Laura Mary said...

Cheeky comment from me, also nothing to add except to say hello everyone, and catch up on the last three weeks worth of posts!

Donnaeve said...

Colin However...S.P. Bowers took the time to capitalize NEED, and then typed "an." That would be a helluva typo if a Newcastle Brown was intended. anewcastle Brown?

Besides, who drinks those? :)

That is some cliffhanger. Totally derailed the topic du jour - at least for some of us.

julieweathers said...

As you may have guessed, I have nothing intelligent to add to the conversation. I'm doing good to communicate in American English. I certainly haven't had much luck with agents foreign or domestic.

Colin Smith said...

Donna: I'm sorry, but the words "NEED an" can really only, logically, be followed by "Newcastle Brown"--or "Newkie Brown." If an agent comes with said Newkie Brown, all the better. ;)

Stephen G Parks said...

Book purchases are tax deductible in Malaysia, but not at 100%. I'm not sure what the actual deductible percent is, because their online tax portal does it all for you, and I usually have other deductions too. I'd bet it's around 10%. Also, there's a capped amount (I think it's rm1000 per annum, approx US$300). But enough that it's worth keeping the receipts and filing them with the return.

Jennifer R. Donohue yes, we have libraries, although you'd have to learn Malay. It's not that difficult. Definitely look at apartments here if you want to daydream. Furnished beachfront 3 br apartment in Penang ~US$600/month. I don't live near a beach myself, but my apartment is 5 subway stops from my school in the downtown Kuala Lumpur, and my writing desk overlooks a rainforest - full of beautiful songbirds, monkeys, pythons, civets, monitor lizards, and the occasional cobra.

Lisa Bodenheim said...

Great scotts, what a wonderful critterland trail to follow today.

And I've nothing more intelligent to add either. Except your story julieweathers. And Donnaeve's and Colin's detective magnifying glasses.

Lisa Bodenheim said...

...and getting a glimpse into Stephen G Park's Malaysia.

Donnaeve said...

Colin I logically conclude you like Newkie Brown's!


Colin Smith said...

Donna: When the heat index is north of 100F, what's not to love about THIS? :D

Colin Smith said...

And lest people think I've been off-topic this whole time, what do Ruth Downie, snogging, and Newcastle Brown have in common? They are all loved in the UK. :D

Donnaeve said...

Colin, Indeed. But, I'll stick to something a little light, like

***If my linkage flunks, I give up trying to figure out why.

Donnaeve said...

Shit to shinola! Lookee there! Finally.

BJ Muntain said...

I almost feel like I'm going off topic to speak on topic!

The question is interesting. It's always interesting when the questioner is asking one thing, but the answer is another. In this case, the questioner is asking if Janet would look at a query about a previously rejected manuscript, and the answer is: it depends. It depends on what rights are still there to be sold.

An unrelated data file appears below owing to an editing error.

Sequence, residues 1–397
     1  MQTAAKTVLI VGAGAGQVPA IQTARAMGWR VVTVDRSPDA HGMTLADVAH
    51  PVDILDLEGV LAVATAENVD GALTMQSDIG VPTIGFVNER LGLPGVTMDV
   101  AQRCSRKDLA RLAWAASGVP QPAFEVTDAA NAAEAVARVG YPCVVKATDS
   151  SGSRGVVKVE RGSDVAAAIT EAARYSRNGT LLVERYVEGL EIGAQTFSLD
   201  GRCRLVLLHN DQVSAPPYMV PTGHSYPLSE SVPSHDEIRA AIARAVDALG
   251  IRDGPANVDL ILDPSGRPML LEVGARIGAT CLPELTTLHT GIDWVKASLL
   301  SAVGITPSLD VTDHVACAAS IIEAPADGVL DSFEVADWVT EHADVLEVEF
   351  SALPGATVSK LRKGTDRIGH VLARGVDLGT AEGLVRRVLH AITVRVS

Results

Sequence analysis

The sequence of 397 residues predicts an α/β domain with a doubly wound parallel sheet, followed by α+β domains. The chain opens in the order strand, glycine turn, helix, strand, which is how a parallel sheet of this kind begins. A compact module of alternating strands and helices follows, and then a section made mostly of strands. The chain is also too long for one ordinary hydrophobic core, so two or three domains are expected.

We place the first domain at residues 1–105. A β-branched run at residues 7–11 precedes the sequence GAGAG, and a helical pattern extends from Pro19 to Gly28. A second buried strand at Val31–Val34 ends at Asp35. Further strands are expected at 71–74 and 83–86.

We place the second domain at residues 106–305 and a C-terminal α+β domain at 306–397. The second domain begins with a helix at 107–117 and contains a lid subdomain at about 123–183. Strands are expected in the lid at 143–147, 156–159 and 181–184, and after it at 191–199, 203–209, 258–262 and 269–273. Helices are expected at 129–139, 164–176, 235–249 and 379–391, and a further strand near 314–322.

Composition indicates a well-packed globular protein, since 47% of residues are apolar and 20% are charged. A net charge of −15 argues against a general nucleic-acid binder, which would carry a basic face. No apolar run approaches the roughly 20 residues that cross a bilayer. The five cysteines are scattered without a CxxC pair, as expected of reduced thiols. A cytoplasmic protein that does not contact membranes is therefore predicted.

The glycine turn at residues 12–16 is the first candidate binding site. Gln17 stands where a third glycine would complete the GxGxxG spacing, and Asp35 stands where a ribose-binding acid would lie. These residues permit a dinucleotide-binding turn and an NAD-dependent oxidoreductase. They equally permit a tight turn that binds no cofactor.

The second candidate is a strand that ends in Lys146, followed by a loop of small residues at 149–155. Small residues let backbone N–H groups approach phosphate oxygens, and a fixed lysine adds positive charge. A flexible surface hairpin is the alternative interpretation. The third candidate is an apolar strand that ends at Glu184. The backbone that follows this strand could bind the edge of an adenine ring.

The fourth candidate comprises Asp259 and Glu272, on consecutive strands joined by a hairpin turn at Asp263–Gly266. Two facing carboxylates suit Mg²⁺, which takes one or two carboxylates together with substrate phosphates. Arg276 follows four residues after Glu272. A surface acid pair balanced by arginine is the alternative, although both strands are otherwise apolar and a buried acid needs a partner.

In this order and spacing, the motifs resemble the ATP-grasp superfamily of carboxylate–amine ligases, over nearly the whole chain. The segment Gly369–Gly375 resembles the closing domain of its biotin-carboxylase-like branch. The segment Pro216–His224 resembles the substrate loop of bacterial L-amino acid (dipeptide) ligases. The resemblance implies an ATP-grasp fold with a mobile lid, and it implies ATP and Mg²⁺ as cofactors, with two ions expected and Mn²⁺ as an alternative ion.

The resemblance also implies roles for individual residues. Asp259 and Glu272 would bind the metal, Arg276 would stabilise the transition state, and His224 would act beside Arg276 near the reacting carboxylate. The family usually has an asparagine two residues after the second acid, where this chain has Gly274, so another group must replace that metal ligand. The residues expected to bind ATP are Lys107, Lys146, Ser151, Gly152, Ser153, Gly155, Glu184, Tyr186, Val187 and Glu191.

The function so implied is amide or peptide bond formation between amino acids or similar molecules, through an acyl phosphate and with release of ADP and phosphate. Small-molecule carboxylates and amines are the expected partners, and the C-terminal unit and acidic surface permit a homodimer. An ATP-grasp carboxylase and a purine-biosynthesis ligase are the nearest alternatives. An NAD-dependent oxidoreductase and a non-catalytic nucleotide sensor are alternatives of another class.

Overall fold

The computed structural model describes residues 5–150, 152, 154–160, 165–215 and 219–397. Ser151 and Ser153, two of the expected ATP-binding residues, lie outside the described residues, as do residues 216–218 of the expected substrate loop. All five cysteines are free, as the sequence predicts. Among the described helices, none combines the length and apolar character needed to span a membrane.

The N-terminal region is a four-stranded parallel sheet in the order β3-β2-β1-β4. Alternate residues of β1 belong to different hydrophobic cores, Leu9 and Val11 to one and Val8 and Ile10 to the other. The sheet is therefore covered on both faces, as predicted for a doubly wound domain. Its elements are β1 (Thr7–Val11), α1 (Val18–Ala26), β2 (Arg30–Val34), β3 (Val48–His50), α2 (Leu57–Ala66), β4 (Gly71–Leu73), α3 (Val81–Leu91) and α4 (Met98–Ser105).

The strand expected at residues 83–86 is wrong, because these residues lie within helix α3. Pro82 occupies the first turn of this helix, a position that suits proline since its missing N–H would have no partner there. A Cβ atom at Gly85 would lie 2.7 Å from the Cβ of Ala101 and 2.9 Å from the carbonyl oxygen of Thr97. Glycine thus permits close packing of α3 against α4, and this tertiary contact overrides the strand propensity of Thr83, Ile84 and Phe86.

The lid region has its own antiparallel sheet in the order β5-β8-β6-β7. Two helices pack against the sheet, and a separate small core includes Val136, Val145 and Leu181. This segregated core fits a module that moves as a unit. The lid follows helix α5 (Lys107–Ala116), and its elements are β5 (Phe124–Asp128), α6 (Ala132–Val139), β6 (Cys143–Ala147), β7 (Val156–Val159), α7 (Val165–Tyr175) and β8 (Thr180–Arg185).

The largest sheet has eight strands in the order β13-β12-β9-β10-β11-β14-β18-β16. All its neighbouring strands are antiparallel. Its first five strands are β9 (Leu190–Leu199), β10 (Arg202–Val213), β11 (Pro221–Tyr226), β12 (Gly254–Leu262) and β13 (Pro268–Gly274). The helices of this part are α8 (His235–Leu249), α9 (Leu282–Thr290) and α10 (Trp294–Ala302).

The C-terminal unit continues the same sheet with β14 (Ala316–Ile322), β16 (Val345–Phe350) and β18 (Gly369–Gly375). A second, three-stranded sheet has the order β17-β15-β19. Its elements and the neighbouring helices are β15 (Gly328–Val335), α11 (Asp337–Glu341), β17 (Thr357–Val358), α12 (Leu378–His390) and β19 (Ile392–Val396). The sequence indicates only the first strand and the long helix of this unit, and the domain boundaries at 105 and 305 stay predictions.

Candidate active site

I suppose it would be easy enough to assume that, if US English rights were still available, that that would be all that is necessary. English rights in other countries though - who would've thought? But India and Malaysia are incredibly populous areas with large amounts of English readers.

This is all so friggin' interesting. I want to know more. MORE, I say.

And someone give Colin a beer. Hey, Colin - Newcastles are kind of expensive up here. Ever have a Schliemann's Honey Brown? (Disclosure: I haven't - celiacs can't drink most beers - but I have discerning friends who say it's the best brown ale.)

(I was so tempted to leave a cliff-hanger like SP's, to continue the fun, but I

Colin Smith said...

WOOOHOOO!!! Well done, Donna!! :D :D

Guinness came out with a seasonal pumpkin flavor a few years ago. I'm not a fan of stouts, but that was one of the best beers I've ever had. It's a shame it was such a limited release. I've not seen it since. :(

Colin Smith said...

BJ: What do you mean? I've never left the topic. We're talking about things that are loved in the UK, are we not? ;)

I agree, this whole topic of English rights is very interesting, and the fact few of us have much to contribute shows how little we all know.

As for Schliemann's Honey Brown--I haven't had it, but it sounds wonderful. Honey? I'm in! :)

BJ Muntain said...

Colin: Sorry. I misspelled the name - I went for what it sounded like, and was wrong. Here we go:

Sleeman's Honey Brown lager - brewed in Canada, eh?

Craig F said...

When I get there I am going to have to shoot for an American agent. I have not had good luck with being happy with Brit books lately.